Richard J. White, 61, Patterson High teacher

August 02, 1998|By Robert Hilson Jr. | Robert Hilson Jr.,SUN STAFF

Richard J. White, who used patience, imagination and a "great deal of wit" during his more than 30 years as a city schoolteacher, died Sunday of a heart attack at his Dundalk home. He was 61.

Mr. White retired in 1992 from Patterson High School in East Baltimore, where he taught history for 23 years. He was known for his creative ways to motivate students.

"He was just an outstanding teacher," said George W. Jensen, a former colleague at Patterson.

One of the methods he used in his classes was to draw elaborate color chalk charts on the blackboard.

"Classes weren't boring with him as they could have been," said Wanda Edds, a former Patterson student. "He was a good person who knew what he was talking about and knew how to teach."

Mr. White communicated well with his students, always finding time for their questions before or after class -- and routinely sharing a joke with them.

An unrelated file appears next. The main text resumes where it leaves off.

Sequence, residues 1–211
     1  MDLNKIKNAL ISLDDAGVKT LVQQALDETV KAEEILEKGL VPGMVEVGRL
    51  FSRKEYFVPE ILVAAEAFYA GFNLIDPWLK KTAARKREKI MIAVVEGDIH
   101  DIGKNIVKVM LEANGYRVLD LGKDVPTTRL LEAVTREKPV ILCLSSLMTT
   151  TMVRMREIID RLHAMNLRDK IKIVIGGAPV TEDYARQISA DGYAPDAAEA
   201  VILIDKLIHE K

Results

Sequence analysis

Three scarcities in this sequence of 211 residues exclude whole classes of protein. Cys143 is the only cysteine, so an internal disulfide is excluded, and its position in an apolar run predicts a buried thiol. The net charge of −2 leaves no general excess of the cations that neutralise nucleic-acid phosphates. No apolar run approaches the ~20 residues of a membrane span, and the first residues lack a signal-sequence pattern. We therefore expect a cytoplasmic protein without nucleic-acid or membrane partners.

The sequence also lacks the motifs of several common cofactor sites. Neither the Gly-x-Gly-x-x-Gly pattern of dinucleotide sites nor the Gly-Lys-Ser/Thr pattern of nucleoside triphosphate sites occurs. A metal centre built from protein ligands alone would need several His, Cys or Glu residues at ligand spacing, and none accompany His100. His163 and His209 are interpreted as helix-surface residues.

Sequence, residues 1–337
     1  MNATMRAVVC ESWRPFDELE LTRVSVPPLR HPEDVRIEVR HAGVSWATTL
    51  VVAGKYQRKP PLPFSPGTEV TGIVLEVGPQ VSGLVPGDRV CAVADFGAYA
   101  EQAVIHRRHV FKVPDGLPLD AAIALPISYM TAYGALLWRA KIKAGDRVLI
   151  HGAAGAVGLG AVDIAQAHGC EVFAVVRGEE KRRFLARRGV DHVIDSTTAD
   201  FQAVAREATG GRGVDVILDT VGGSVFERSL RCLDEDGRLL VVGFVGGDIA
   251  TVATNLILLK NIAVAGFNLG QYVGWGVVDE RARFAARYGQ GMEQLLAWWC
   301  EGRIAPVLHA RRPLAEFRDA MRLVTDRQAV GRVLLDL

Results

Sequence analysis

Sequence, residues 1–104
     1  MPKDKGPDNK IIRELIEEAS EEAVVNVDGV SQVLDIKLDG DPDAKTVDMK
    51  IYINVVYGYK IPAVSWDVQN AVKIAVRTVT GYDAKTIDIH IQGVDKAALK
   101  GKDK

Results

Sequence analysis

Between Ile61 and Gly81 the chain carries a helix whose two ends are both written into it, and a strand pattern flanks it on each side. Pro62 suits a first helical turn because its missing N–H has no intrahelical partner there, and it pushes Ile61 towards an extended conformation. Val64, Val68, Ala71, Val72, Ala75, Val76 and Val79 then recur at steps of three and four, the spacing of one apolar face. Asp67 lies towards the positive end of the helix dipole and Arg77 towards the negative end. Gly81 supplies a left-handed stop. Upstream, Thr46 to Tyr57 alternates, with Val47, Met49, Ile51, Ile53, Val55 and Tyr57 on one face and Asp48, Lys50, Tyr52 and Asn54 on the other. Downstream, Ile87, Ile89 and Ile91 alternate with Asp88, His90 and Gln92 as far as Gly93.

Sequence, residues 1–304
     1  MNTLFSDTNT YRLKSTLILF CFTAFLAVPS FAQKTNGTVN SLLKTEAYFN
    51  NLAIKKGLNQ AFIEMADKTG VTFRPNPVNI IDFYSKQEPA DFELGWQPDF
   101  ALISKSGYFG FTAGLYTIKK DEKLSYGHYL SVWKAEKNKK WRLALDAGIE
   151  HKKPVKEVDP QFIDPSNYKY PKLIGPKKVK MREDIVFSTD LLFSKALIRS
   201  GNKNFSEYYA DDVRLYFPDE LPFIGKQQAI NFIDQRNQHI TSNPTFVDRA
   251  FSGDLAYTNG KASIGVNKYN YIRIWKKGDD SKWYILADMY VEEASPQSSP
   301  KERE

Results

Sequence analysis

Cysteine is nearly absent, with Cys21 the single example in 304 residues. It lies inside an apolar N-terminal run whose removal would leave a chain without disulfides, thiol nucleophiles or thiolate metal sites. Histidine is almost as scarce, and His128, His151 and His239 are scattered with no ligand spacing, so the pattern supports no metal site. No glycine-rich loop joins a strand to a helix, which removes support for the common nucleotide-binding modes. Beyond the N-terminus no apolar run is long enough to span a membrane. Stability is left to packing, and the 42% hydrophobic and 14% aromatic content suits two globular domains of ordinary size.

A native of Pottsville, Pa., Mr. White moved with his family to Highlandtown in the 1940s. He graduated from Patterson High in 1955 and received a bachelor's degree in secondary education from what was then Towson State Teachers College in 1959.

He later earned a master's degree from Loyola College.

His teaching career began in 1959, when he taught at the old Canton Junior High School annex for a year. From 1960 to 1969, he taught at the old Hampstead Hill Junior High School in East Baltimore, then at Patterson.

"He was just a true teacher. It was always a part of him," said his sister, Pat Byer of Dundalk.

Mr. White was an avid collector of Native American artifacts.

He was a longtime member of St. Luke's Evangelical Lutheran Church in Dundalk, where services were held Thursday.

In addition to his sister, Mr. White is survived by two brothers, William White of Dundalk and John White of Carney.

Pub Date: 8/02/98

Baltimore Sun Articles
|
|
|
Please note the green-lined linked article text has been applied commercially without any involvement from our newsroom editors, reporters or any other editorial staff.